I am currently a PhD candidate in political science at the University of Missouri. In the Fall of 2020, I will join the Department of Political Science at the University of South Carolina as an Assistant Professor of Public Administration.
I study issues at the intersection of public administration and management, administrative politics, and public policy. Most of research focuses on the broader network of government oversight with a specific emphasis the relationship between executive branch agencies, Congress, and experts in improving accountability and performance. My work has been published in Policy Studies Journal.
Officials at all levels of government rely on expert administrators and auditing organizations to provide performance information and identify problem areas in public agencies. Important work has considered how elected officials hold government agencies accountable, but scholars largely ignore oversight mechanisms within agencies that monitor the implementation and formation of public policies and communicate information to elected officials and agency leaders. My dissertation research explores the implications of government-wide oversight initiatives (e.g., Inspectors General and Government Accountability Office) in enhancing administrative accountability, effective oversight, and agency performance. Through three empirical chapters, I examine (1) oversight performed by civil servants; (2) monitoring of agency activities by Offices of the Inspector General; and (3) the influence of elected officials on non-partisan institutions tasked with overseeing government agencies. My dissertation demonstrates that even non-partisan, expert oversight is subject to political manipulation and has implications for our understanding of accountability, performance, and effective oversight.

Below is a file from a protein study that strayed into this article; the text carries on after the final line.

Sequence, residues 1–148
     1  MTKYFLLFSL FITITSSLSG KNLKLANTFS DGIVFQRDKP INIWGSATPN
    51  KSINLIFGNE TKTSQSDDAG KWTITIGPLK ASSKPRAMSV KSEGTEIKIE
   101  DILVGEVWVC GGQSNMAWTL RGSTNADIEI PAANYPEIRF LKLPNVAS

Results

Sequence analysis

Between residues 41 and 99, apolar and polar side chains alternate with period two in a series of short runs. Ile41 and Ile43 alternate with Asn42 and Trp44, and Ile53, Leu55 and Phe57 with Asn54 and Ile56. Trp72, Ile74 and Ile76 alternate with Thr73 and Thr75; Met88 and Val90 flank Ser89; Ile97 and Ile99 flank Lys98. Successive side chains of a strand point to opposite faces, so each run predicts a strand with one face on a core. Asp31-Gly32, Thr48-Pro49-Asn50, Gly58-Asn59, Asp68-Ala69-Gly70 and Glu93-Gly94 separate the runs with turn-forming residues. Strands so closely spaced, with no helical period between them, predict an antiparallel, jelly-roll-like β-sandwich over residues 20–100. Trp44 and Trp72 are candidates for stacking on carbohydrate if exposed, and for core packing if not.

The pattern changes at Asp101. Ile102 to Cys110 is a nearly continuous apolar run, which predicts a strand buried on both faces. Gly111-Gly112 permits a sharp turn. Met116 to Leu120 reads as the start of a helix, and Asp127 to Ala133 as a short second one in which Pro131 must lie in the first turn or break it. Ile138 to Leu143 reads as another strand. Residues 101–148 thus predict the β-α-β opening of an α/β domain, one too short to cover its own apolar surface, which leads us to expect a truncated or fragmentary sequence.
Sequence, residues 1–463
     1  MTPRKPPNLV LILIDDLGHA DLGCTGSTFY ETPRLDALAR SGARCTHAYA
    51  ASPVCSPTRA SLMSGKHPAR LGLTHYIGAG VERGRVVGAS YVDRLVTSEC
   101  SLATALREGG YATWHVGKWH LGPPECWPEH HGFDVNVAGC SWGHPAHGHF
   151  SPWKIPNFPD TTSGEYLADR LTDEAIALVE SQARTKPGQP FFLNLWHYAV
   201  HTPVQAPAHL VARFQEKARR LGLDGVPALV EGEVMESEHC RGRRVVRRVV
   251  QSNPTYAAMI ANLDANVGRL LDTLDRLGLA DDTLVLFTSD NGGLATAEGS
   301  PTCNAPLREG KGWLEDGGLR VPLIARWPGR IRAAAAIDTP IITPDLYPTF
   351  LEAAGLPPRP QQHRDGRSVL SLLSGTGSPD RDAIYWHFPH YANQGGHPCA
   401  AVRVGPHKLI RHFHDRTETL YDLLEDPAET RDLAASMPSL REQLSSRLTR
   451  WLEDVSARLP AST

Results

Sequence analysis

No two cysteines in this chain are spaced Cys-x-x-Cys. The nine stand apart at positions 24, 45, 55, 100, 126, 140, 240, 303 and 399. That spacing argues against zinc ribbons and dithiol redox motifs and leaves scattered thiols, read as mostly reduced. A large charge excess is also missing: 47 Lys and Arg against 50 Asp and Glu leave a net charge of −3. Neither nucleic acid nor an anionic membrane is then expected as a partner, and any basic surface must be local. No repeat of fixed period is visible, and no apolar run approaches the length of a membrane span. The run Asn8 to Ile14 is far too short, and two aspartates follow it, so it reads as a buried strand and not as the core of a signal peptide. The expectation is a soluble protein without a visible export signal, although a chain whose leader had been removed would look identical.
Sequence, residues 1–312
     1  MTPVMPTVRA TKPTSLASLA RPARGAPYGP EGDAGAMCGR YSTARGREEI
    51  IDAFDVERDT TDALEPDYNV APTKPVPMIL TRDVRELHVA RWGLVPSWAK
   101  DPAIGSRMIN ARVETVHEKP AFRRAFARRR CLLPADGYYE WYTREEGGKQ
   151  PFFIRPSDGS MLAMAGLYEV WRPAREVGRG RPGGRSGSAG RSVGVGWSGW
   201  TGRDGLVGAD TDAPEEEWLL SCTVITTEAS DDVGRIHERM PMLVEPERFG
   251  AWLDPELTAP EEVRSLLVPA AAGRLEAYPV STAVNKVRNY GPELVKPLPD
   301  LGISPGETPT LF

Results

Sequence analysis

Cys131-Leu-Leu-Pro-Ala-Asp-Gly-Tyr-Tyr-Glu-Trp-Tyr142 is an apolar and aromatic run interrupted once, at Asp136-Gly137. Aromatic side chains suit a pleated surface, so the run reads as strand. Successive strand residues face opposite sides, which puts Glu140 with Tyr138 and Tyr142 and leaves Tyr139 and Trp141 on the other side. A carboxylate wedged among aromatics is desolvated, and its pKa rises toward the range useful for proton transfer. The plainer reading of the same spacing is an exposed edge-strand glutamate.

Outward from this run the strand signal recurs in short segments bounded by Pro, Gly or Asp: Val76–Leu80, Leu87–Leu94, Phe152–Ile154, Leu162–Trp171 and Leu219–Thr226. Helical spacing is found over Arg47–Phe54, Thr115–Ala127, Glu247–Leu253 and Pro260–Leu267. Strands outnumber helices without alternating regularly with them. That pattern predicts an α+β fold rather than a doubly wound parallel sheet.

A copy of my CV is available here.
PhD, Political Science, 2020
University of Missouri
BS, Political Science, 2015
Black Hills State University
Scholars have long been interested in how policies and ideas spread from one observation to another. Yet, the spatial and temporal dynamics of policy diffusion present unique challenges that empirical researchers often neglect. Scholars often use temporally lagged spatial lags (TLSL)—such as the number (or percentage) of prior adopters in a neighborhood—to test various mechanisms of delayed policy diffusion but are largely unaware of two under appreciated issues. First, the effects are not limited to one time period but persist over time by changing the future value of neighboring observations. Second, minor, yet common, choices in model specification—such as omitting spatially correlated and/or autoregressive covariates—can increase the risk of falsely inferring that the outcome is a result of spatial diffusion. Indeed, we offer two applications where small changes to the model specification of an otherwise well‐specified model result in drastically different inferences about policy diffusion. We argue that scholars should avoid haphazardly including TLSLs without considerable theoretical justification, and we conclude on an optimistic note by offering straightforward solutions and new software to address these issues.
“The Importance of Agency and Oversight Capacity in Enhancing Accountability in Policy Implementation” with Lael R. Keiser
“Delegated Oversight and the Politics of Problem Monitoring: The Case of Federal Inspectors General”
“Watchdogs or Partisan Pawns? Agenda Setting and GAO Oversight”
“Society of Deputies: The Negative Externalities of Coproduction” with Nicholas Brothers
“Politicization and Bureaucratic Resistance to External Oversight”